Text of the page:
Boise Dentist Blog

The professional blog of Doctors Dan Bruce, Steve Bruce and Rob Ririe

Porcelain crowns vs. metal crowns

Dr. Dan Bruce - Monday, July 06, 2009
I often get the question - what is the difference between an all-ceramic crown and a porcelain with metal-based crown.  First of all, crowns that are used in the posterior usually have a core material.  This is either a porcelain-type core of metal.  Then a more esthetic porcelain is placed over the top of the core material.  For many years, metal has been used as the core material.  This is for strength.  The porcelain is bonded to the metal.  The problem is that metal is dark and needs a layer of opaque porcelain to cover it.  Porcelain-fused to metal crowns are typically more opaque than all ceramic crowns.  The other problem some people have is that porcelain and metal crowns can show a dark line if the gum tissue recedes.  This can be fixed by placing what is called a porcelain butt shoulder in which the porcelain goes all the way to the tooth.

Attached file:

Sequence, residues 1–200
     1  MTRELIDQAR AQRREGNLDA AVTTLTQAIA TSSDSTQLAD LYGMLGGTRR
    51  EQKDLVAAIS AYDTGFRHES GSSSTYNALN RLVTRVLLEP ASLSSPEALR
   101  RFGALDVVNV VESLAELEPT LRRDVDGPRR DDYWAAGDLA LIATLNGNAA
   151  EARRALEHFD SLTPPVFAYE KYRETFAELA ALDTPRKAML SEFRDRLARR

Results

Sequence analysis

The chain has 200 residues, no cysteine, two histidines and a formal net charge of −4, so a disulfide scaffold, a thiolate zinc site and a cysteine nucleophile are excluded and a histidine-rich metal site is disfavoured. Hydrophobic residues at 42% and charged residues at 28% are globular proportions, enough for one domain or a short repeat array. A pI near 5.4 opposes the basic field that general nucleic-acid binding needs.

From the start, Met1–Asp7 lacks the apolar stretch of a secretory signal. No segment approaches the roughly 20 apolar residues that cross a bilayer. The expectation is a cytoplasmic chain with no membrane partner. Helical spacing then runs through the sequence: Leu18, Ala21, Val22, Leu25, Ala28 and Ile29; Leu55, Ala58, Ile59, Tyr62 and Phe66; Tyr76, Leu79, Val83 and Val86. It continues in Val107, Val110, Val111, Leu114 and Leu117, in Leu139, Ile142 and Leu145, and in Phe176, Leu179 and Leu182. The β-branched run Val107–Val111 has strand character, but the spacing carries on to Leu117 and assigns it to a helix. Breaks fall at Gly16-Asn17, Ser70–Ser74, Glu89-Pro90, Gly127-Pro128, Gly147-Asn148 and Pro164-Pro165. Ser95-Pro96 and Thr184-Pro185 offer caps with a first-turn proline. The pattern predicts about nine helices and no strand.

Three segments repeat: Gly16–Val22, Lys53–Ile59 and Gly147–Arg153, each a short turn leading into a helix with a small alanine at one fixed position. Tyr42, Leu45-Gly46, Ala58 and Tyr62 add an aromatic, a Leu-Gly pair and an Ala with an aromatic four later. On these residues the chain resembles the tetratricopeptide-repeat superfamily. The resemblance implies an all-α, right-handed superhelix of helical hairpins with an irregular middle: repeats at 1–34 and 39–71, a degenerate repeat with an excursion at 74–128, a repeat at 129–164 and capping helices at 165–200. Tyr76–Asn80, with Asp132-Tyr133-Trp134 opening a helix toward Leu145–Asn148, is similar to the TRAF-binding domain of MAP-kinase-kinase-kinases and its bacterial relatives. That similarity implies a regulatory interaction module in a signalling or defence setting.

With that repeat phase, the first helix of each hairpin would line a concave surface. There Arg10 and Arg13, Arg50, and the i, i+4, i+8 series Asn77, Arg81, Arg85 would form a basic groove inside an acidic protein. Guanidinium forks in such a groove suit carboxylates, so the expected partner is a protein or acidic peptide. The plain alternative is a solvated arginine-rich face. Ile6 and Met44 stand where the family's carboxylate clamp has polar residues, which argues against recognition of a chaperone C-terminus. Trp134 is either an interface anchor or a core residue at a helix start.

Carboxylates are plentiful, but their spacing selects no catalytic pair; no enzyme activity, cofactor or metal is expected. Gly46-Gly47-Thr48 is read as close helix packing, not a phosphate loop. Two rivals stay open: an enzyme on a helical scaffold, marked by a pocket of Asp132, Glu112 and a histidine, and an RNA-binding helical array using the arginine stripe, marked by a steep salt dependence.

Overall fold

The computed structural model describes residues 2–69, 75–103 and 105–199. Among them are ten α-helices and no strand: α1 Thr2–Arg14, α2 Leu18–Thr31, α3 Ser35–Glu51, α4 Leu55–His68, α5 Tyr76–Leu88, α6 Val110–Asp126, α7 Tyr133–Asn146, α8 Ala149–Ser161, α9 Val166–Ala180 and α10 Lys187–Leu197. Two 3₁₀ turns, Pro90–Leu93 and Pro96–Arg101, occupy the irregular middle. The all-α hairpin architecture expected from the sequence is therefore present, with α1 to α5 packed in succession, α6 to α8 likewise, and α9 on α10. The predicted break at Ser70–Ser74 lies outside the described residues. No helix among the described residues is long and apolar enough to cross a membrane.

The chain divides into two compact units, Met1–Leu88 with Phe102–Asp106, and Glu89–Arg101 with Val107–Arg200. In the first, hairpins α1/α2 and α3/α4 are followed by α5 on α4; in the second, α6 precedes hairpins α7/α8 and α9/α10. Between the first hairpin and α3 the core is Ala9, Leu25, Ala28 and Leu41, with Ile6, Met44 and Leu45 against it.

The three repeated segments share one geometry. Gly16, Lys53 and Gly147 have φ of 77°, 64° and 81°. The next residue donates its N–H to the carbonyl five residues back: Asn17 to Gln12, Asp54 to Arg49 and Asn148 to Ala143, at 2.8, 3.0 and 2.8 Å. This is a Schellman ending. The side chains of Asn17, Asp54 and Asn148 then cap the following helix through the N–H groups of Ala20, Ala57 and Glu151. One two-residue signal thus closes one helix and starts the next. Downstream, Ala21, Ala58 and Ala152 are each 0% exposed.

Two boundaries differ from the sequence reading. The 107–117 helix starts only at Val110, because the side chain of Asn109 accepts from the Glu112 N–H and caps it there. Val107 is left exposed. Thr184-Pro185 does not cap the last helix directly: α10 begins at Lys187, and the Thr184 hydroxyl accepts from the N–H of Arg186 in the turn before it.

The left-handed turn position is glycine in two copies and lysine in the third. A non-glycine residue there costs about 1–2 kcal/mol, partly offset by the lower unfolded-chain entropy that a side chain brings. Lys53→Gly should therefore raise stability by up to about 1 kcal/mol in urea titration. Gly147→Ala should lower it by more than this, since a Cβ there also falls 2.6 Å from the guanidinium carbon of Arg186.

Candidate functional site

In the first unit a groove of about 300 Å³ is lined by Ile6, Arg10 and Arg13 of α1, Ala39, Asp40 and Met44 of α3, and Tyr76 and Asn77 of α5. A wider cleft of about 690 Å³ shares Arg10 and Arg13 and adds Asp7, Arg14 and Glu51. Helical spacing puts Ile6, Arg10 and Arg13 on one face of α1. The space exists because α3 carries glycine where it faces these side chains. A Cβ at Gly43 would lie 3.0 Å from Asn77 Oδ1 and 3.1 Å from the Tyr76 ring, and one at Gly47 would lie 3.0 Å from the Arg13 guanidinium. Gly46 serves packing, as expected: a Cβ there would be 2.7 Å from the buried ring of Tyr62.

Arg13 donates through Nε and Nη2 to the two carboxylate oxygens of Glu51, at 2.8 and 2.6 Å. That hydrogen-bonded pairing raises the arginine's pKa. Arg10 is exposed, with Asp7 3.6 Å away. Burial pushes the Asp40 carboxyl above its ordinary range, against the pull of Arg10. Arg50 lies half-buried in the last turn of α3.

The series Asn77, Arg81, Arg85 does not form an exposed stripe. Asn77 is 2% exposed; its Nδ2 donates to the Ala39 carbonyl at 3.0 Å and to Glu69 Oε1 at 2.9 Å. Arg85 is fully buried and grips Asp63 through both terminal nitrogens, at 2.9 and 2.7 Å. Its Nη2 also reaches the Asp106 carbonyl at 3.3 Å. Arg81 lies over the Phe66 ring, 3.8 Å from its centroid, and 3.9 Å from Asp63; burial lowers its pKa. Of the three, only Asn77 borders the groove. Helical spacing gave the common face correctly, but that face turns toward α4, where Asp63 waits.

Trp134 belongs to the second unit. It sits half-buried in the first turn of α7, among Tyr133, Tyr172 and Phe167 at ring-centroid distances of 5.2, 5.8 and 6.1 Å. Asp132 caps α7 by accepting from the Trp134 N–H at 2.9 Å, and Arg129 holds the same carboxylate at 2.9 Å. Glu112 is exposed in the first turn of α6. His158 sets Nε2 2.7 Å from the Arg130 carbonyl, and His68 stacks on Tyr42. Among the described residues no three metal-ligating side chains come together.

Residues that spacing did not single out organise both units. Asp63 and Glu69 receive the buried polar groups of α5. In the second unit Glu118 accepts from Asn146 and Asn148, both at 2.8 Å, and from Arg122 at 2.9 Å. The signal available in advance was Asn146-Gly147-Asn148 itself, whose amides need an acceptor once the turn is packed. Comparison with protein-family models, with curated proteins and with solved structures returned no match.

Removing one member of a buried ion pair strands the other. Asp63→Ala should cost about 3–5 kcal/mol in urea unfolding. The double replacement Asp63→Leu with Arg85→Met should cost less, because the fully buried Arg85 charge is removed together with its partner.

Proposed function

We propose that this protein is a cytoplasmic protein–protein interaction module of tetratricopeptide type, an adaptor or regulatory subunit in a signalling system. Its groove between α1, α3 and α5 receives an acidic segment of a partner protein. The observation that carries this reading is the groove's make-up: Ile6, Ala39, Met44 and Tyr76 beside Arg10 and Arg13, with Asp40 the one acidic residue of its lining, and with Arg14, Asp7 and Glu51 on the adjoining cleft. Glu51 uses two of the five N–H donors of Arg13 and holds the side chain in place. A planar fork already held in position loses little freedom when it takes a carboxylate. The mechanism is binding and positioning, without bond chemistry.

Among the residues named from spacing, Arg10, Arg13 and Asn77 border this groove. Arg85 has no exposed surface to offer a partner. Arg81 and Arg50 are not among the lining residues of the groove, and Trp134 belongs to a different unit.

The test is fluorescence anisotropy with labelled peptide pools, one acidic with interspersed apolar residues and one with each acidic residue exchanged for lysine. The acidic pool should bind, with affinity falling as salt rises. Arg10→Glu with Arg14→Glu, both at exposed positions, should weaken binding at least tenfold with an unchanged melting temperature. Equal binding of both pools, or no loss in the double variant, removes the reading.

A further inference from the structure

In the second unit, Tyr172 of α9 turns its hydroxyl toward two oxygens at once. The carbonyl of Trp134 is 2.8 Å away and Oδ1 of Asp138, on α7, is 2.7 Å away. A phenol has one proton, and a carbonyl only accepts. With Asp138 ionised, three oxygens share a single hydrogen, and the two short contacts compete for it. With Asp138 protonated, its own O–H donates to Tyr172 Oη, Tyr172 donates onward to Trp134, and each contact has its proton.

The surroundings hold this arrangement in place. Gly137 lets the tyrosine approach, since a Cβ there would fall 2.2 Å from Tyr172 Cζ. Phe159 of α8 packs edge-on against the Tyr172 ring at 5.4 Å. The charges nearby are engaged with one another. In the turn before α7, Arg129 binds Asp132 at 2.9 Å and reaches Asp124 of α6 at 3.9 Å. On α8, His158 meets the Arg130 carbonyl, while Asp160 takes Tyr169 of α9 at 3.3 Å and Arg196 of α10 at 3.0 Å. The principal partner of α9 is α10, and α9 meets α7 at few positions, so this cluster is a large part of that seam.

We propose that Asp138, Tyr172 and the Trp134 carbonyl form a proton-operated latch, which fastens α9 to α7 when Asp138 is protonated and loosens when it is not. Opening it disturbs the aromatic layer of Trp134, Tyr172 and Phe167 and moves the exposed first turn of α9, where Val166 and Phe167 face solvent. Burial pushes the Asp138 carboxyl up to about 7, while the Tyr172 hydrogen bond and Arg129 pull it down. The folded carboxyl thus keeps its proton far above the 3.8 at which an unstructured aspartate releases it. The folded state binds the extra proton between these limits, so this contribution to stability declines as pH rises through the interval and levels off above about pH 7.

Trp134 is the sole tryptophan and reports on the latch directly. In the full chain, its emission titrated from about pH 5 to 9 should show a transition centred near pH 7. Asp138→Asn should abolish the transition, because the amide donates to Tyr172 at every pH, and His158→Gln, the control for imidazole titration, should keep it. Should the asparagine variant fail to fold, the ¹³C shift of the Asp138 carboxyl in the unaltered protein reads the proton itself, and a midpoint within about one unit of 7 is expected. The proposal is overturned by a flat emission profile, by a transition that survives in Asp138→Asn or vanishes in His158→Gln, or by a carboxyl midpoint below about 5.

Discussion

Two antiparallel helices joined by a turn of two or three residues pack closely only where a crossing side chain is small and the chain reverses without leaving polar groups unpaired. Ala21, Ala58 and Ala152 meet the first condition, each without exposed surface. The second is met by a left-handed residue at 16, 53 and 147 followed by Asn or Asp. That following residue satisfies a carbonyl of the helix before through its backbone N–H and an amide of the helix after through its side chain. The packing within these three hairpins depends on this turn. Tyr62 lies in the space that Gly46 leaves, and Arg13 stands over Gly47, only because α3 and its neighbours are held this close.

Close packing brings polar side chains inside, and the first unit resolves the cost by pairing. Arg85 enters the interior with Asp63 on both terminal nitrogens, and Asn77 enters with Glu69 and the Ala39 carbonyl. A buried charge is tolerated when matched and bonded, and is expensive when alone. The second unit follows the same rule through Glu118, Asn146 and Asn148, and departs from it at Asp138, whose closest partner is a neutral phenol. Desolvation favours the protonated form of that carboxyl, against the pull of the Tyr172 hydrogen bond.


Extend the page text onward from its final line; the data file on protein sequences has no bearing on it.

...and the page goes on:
All ceramic crowns can either be made without a core, which is called a porcelain jacket crown.  These crowns rely on the bond between the underlying tooth and porcelain for strength.  Other porcelain crowns have a ceramic core, such as alumina or zirconia.  These cores are incredibly strong, and do not need as much opaque porcelain to cover them. 

Porcelain/metal crowns still have their place in dentistry.  All-ceramic crowns provide great esthetics and show promise for long-term results, but we do not have the years of data associated with porcelain/metal crowns.  There are many factors associated with crown choice - biting force, area of the mouth, and surrounding colors of the other teeth are just a few. 

I use both all-ceramic and porcelain/metal crowns (And even gold crowns when indicated).  The most important thing to do when selecting a crown material is to ask your dentist what your situation is and let them know your concerns.